Neal Boenzi/The New York Times
Mayor John V. Lindsay swung his pickax at a subway groundbreaking in 1972. Looking on, from left, were Percy E. Sutton, the Manhattan borough president; Senator Jacob K. Javits; John A. Volpe, United States secretary of transportation; and Gov. Nelson A. Rockefeller.
By WILLIAM NEUMAN
Published: April 9, 2007
The neckties are wide and the sideburns long, the pickaxes gleam in the sunlight. The governor thanks the president for providing money. The mayor jokes that â€œwhatever is said about this project in the years to come, certainly no one can say that the city acted rashly or without due deliberation.â€
The governor swings his pickax, but the pavement is too hard. A jackhammer is brought in to loosen things up. Now the governor and the mayor lay to with gusto.
The Second Avenue subway is born.
Or so it seemed at the time.
The sideburns were long and the neckties wide because it was 1972. The president was Nixon. The governor was Rockefeller. The mayor was Lindsay. And nearly 35 years later, no trains have ever run under Second Avenue.
But the line has had at least three groundbreakings.
On Thursday it will get another one.
Gov. Eliot Spitzer and a host of dignitaries will descend through a sidewalk hatch at Second Avenue and 102nd Street, a block south of the spot where Gov. Nelson A. Rockefeller and Mayor John V. Lindsay held a groundbreaking in October 1972. They will go into a never-used section of a three-decade old subway tunnel, stretching from 105th Street to 99th Street. The governor will give a speech, hoist a pickax and take a few cracks at the concrete wall, symbolically beginning the construction where it left off in the 1970s.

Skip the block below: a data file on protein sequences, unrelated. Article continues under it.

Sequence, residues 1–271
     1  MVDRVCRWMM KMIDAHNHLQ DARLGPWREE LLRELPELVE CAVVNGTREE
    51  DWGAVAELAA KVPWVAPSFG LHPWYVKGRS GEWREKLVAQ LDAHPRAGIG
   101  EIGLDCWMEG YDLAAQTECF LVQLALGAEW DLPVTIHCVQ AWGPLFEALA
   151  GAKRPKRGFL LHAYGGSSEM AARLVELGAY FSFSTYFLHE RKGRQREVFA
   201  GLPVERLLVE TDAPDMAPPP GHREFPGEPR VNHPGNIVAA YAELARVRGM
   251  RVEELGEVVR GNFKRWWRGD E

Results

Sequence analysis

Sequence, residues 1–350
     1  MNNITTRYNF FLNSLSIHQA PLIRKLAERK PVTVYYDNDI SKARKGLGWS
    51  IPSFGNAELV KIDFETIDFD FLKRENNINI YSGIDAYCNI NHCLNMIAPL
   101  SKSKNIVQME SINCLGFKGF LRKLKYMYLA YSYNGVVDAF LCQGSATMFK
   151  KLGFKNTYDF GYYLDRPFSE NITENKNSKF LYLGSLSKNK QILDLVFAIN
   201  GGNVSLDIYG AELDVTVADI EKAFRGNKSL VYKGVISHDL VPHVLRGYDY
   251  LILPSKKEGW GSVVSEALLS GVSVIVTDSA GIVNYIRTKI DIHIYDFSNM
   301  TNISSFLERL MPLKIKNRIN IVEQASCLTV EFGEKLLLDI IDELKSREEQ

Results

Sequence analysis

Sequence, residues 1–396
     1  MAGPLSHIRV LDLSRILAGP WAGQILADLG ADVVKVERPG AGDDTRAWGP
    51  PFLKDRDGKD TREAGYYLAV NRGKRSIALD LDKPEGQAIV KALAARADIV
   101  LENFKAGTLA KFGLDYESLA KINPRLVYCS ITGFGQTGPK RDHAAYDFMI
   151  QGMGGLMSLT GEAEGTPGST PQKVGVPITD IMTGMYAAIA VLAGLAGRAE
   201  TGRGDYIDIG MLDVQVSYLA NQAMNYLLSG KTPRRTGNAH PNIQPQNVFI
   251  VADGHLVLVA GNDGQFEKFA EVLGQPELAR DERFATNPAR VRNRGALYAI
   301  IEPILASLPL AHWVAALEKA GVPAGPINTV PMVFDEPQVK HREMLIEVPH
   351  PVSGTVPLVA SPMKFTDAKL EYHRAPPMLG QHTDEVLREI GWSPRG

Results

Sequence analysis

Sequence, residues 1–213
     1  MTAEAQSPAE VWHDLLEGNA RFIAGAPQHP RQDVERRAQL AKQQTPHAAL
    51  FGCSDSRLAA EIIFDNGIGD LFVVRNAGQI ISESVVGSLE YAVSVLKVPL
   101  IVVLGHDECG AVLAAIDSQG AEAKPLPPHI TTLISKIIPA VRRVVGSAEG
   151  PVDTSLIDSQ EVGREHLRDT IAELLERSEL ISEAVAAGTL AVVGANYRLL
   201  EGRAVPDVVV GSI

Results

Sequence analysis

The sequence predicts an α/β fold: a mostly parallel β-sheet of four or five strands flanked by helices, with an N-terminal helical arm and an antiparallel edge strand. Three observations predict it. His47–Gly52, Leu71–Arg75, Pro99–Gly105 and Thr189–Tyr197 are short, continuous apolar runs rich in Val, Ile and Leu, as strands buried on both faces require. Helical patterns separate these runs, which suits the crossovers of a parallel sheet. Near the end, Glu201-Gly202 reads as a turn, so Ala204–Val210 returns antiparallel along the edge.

â€œThere used to be a saying in New York, â€˜I should live so long,â€™ â€ said William J. Ronan, the first chairman of the Metropolitan Transportation Authority, who presided over the groundbreaking in 1972.
â€œWell I sure hope theyâ€™ll do it this time because time is moving on,â€ Dr. Ronan, 94, who lives in Florida, said. â€œAnd of course itâ€™s going to cost a fortune, more than back when we were going to do it. It was expensive enough then.â€
Several factors actually suggest that this time the outcome may be different. The financing for the $3.8 billion project appears more certain than in the past, including an anticipated federal commitment to cover about a third of the cost.
And the plan is more measured. The goal is to build a first section of the subway with stops along Second Avenue at 96th, 86th and 72nd Streets and at 63rd Street and Lexington Avenue. It is intended to operate as an extension of the Q line and is expected to open in 2013. Once further financing is secured, later phases of construction will extend the line north to 125th Street and south to Lower Manhattan